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Answers Sought on Slaying

Prosecutors explain to appellate court their reasons for insisting the Mickey Thompson murder case is O.C.'s.

October 24, 2003|Claire Luna | Times Staff Writer

Appellate court justices pressed an Orange County prosecutor to explain Thursday why his office is continuing to insist it should be allowed to prosecute a Laguna Beach businessman for the slayings of racing legend Mickey Thompson and his wife, who were gunned down in front of their San Gabriel Valley estate 15 years ago.

"You've got to admit that if there is evidence, it's pretty tenuous," said Justice William F. Rylaarsdam. "Why go through all this ... and not just go to the Los Angeles district attorney and ask them to take the case?"

Michael Goodwin, 58, has been in jail since 2001, held on suspicion of arranging the killings -- allegedly an act of retaliation. Much of that time has been devoted to arguments over whether Orange County has the right to handle the case. Prosecutors say evidence shows Goodwin planned the killings in Orange County, where he lived and worked at the time.

"Just because [Los Angeles County] clearly has venue doesn't mean we don't," Deputy Dist. Atty. James Mulgrew told the three judges on the state 4th District Court of Appeal during the 90-minute Santa Ana courtroom hearing Thursday.

The justices' eventual ruling could be critical to the case.

If the appellate court rules that Orange County does not have jurisdiction, Goodwin could be freed. Though such a ruling could give the Los Angeles County district attorney's office or the state attorney general the opening to charge Goodwin, neither has shown interest.

Whatever the ruling, it will probably result in an appeal to the state Supreme Court, both sides agree.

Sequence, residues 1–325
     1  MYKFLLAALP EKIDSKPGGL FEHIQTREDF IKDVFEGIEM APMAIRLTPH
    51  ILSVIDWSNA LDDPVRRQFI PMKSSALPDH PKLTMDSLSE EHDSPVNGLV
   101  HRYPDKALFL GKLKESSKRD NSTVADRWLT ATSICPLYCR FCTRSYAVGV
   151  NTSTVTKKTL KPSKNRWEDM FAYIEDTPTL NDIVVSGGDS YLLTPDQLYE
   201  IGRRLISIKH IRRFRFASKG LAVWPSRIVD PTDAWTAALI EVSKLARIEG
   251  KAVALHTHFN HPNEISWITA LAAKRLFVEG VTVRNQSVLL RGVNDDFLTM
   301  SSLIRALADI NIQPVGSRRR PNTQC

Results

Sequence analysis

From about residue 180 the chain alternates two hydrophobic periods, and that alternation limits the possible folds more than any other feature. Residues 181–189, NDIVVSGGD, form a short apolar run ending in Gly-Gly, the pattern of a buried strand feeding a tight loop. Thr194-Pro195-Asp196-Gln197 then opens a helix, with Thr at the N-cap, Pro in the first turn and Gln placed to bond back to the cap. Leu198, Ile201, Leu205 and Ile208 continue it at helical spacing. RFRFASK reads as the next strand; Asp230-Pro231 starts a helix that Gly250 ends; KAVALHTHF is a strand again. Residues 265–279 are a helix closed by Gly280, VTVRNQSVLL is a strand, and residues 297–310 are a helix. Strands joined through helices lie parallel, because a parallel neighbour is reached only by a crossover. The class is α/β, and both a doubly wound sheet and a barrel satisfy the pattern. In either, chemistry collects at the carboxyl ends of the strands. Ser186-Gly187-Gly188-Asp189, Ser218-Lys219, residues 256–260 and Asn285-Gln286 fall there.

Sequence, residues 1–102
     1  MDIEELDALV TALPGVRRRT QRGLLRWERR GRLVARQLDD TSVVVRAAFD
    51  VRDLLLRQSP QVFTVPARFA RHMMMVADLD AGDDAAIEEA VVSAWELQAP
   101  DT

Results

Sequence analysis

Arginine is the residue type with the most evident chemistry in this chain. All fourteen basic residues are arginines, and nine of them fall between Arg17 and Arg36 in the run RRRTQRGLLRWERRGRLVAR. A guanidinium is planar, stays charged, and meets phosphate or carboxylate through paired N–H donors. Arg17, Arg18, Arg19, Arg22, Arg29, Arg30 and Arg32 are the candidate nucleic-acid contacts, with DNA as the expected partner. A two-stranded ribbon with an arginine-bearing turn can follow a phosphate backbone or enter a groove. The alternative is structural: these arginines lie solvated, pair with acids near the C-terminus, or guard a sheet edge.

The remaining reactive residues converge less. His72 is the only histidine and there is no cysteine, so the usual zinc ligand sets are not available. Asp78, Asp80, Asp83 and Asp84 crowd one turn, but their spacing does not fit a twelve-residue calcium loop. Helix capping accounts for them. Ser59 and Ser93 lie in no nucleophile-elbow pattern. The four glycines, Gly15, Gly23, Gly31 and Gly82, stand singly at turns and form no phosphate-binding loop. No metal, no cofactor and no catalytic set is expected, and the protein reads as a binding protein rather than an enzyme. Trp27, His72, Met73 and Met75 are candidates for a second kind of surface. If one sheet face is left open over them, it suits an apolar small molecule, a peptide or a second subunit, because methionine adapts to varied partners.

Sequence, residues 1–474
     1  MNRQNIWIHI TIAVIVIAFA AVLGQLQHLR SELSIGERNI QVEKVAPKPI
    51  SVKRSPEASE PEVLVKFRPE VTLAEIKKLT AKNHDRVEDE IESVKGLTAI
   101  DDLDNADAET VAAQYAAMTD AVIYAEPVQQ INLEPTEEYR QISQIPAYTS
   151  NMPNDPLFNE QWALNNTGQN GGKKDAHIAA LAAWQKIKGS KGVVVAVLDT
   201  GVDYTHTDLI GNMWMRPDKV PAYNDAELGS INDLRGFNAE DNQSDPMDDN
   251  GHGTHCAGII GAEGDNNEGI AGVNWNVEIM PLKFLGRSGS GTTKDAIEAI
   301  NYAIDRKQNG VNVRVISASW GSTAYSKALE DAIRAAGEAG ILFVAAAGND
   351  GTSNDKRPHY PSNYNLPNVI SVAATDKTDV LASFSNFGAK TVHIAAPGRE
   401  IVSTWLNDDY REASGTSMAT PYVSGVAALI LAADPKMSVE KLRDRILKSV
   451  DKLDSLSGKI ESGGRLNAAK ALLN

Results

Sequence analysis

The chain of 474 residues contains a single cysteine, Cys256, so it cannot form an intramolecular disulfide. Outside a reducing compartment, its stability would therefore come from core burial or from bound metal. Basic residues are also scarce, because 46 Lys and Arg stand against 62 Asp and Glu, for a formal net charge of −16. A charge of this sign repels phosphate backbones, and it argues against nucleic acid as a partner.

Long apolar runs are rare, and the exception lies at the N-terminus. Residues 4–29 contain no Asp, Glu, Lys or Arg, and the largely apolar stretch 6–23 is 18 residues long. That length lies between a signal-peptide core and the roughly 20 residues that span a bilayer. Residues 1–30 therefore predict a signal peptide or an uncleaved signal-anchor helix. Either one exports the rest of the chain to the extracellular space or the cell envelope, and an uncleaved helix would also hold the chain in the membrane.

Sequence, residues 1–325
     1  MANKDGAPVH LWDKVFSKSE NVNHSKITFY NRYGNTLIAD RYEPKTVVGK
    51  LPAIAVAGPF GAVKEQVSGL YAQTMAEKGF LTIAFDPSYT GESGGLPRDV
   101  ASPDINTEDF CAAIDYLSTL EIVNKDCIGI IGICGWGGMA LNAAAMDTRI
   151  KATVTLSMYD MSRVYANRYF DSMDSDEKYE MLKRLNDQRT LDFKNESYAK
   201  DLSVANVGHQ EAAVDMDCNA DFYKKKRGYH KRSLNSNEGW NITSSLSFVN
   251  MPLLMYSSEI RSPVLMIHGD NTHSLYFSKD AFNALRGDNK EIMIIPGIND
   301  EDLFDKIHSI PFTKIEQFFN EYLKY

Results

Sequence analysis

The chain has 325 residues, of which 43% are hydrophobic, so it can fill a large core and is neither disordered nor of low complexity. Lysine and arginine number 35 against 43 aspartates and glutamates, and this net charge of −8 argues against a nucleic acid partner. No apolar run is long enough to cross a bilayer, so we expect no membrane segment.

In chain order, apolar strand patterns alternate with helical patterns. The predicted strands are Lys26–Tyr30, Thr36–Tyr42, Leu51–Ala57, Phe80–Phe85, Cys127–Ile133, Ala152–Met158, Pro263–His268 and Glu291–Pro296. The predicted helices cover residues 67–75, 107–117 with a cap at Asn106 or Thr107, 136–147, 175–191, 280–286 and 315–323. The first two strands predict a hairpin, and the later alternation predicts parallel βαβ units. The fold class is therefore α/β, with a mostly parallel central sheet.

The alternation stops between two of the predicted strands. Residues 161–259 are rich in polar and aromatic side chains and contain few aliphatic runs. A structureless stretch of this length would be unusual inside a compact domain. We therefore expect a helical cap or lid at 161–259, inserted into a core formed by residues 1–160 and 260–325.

Mickey and Trudy Thompson were fatally shot in their driveway as they were leaving for work the morning of March 16, 1988. Two masked men who ambushed the couple escaped on bicycles. Neither has been found.

Prosecutors say the killings were in retaliation for a legal fight between Thompson and Goodwin, one-time business partners who had a bitter falling-out. Goodwin has pleaded not guilty to charges that he orchestrated the killings.

A 9-millimeter gun that prosecutors initially said Goodwin provided to the killers has since been eliminated as a murder weapon. It had been one of the arguing points for prosecuting Goodwin in Orange County, since the gun was found at Goodwin's Dana Point home.

Goodwin is still tied to the killings, Mulgrew said, because a witness told a Los Angeles County sheriff's deputy that a stun gun found at the crime scene resembled one she had seen in his Laguna Beach home 16 years before.

When Rylaarsdam pressed Mulgrew on which actions had to have taken place in Orange County, the prosecutor said that if Goodwin did plan the slayings, he would have had to travel from Laguna Beach to hire and equip the killers and conduct surveillance at the Thompson home in Bradbury.

Goodwin's attorney, Jeffrey Friedman, disagreed with that logic.

"His arguments consist of hypotheses upon hypotheses," Friedman said. "They are relying on the furthest degree of stretching their imaginations and distorting the truth."

During the hearing, Friedman raised concerns that Orange County Dist. Atty. Tony Rackauckas' friendship and business relationship with Thompson's sister, Collene Campbell, motivated him to pursue the case. Campbell, active in Orange County politics, has championed Goodwin's prosecution.

Rackauckas has denied any conflict of interest, and a judge last year rejected an attempt to disqualify him from the case.

Sitting in the front row of the courtroom Thursday, Campbell folded her arms and swore audibly as Friedman spoke.

Mulgrew and Friedman agreed that even after considering the justices' queries, they have no idea what the appellate court will do or when it will announce its decision.

"What is said on the bench and what decision they eventually make are two different things," Mulgrew said after the hearing. "You really can't project what will happen."

In prior hearings, justices have leaned toward prosecutors, Friedman said, adding that the pendulum has since swung back. "If one can judge by the questions," he said, "they're right in the middle."

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